Cashless Is Not Casteless

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By Satya Sagar

The most apt way to describe what is happening in India today is perhaps through a completely new term –dwijitalisation. It captures well the long-term implications of Narendra Modi’s push for a digital economy in a country that has long been ruled by the dwij – or twice born castes as the Hindu elite call themselves. Under the new rules of the dwijital economy only the dwij– at the top of the social, economic and political ladder – will climb still higher, while kicking the ladder down to ensure no one can follow.

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Anti-National RSS: Documentary Evidences From RSS Archives

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By Shamsul Islam

Friends from India and abroad who are concerned about the increasing threats to the democratic-secular Indian polity from the Hindutva organizations have been feeling the need for a concise document on the anti-national game-plan of the RSS and other like-minded offshoots. The need of such a document is rightly felt for countering the Hindutva propaganda at all levels. The following document is an attempt to accomplish this objective. It is hoped that equipped with this document all those who love India as a democratic-secular nation and want to save our beloved country from the Hindutva onslaught would be able to challenge the fountain-head of the Hindutva politics; RSS. This document is based solely on the documents drawn from the RSS archives.

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Netaji Subhas Chandra Bose Didn't Die in Plane Crash: New Book

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By PTI

As the mystery over the disappearance of Netaji Subhas Chandra Bose is yet to be resolved, a new book claimed that he did not die in a plane crash, but during interrogation and torture by the British at a prison in the former Soviet Union.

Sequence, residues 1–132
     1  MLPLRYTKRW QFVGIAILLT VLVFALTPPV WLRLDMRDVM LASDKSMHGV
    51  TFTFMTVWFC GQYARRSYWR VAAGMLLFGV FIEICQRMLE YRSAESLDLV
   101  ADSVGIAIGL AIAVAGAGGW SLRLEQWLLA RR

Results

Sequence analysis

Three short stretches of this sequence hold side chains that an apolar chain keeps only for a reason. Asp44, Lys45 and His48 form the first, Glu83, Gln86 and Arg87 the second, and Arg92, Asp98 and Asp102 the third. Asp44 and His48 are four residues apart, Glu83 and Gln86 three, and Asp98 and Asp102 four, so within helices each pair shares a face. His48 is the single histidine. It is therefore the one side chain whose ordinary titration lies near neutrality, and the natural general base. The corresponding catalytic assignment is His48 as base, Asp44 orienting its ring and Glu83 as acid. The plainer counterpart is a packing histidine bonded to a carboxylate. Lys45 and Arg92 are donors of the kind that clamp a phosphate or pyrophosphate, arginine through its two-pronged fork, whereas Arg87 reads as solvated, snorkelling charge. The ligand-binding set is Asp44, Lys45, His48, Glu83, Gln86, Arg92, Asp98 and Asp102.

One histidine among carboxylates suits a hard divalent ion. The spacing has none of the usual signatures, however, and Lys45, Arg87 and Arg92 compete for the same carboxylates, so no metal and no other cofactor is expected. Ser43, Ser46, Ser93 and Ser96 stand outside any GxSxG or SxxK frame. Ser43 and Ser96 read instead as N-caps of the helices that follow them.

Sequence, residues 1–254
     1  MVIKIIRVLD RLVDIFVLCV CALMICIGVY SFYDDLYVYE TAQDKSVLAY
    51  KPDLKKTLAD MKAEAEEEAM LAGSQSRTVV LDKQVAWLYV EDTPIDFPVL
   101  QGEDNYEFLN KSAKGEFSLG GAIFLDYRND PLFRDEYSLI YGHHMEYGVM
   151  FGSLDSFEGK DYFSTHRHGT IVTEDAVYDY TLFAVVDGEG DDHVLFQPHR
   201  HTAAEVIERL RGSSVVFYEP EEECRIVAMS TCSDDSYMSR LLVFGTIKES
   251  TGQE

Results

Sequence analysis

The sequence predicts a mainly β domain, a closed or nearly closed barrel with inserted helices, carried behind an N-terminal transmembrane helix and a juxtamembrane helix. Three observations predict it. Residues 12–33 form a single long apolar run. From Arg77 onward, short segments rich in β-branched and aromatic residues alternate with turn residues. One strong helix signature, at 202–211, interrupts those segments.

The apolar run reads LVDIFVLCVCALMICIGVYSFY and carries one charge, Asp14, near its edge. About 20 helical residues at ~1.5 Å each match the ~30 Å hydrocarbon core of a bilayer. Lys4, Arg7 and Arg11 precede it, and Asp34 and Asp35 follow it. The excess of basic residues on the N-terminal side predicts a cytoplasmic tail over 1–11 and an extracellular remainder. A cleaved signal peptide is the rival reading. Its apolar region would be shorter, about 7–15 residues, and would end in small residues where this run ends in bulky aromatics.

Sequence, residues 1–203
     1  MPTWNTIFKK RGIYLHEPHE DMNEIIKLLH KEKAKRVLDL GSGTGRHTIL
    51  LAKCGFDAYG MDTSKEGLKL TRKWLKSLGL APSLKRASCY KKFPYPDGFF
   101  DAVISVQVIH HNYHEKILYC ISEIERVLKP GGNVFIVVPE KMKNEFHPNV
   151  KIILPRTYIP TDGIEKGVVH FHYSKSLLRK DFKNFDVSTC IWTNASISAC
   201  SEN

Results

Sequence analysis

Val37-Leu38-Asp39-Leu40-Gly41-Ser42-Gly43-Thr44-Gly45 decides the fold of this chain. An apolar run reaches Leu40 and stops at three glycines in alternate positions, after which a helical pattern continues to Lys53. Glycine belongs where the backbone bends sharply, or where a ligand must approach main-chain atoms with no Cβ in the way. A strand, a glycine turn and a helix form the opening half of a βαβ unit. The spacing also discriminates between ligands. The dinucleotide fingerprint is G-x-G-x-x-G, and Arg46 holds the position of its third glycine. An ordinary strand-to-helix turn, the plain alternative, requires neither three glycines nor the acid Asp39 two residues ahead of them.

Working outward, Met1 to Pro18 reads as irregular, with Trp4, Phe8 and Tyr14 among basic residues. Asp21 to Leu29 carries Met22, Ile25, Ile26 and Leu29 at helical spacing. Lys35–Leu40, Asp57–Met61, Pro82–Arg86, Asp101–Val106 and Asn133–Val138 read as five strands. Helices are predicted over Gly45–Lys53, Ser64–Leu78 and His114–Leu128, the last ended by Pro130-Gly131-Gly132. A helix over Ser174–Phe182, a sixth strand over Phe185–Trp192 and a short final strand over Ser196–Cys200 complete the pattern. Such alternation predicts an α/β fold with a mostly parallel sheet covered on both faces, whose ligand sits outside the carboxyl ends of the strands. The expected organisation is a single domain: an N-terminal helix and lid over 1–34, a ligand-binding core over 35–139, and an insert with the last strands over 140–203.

"Netaji didn't die in the plane crash. It was a theory floated to facilitate his escape to the Soviet Union. Japanese intelligence agencies had floated the theory so that Bose can safely escape to the Soviet Union," claimed Maj Gen GD Bakshi (retd), author of the book "Bose: The Indian Samurai - Netaji and the INA Military Assessment".

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Prime Minister Modi‘s at Pravasi Bharatiya Divas 2017

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Quotes from PM’s speech

“Indians abroad are valued not just for their strength in numbers. They are respected for the contributions they make.”

“The Indian diaspora represents the best of Indian culture, ethos and values.”

“Engagement with the overseas Indian community has been a key area of priority.”

“The security of Indian nationals abroad is of utmost importance to us.”

Full Speech

Pravasi Bharatiya Divas 2017: Key Facts

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By Zee Media Bureau

The 14th edition of the three-day Pravasi Bharatiya Divas (PBD), billed as the largest convergence of Indian Diaspora, began in the country's IT hub on Saturday with the spotlight on the role of youth in transforming the society and India's potential to play the role of a 'Vishwa Guru' again. PBD will be held in Bengaluru from January 7 to 9.

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Maharashtra: A Fading Red

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By Deepak Kumar Nayak
Research Assistant, Institute for Conflict Management

On January 12, 2017, two civilians, Ramesh Atala (27) and Manohar Atala (55), were killed by Communist Party of India-Maoist (CPI-Maoist) cadres in Gadchiroli District. A Gadchiroli Police statement disclosed that the Maoists shot the victims claiming they were ‘police informers’.

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The Story of a Glassic Artist

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By A Correspondent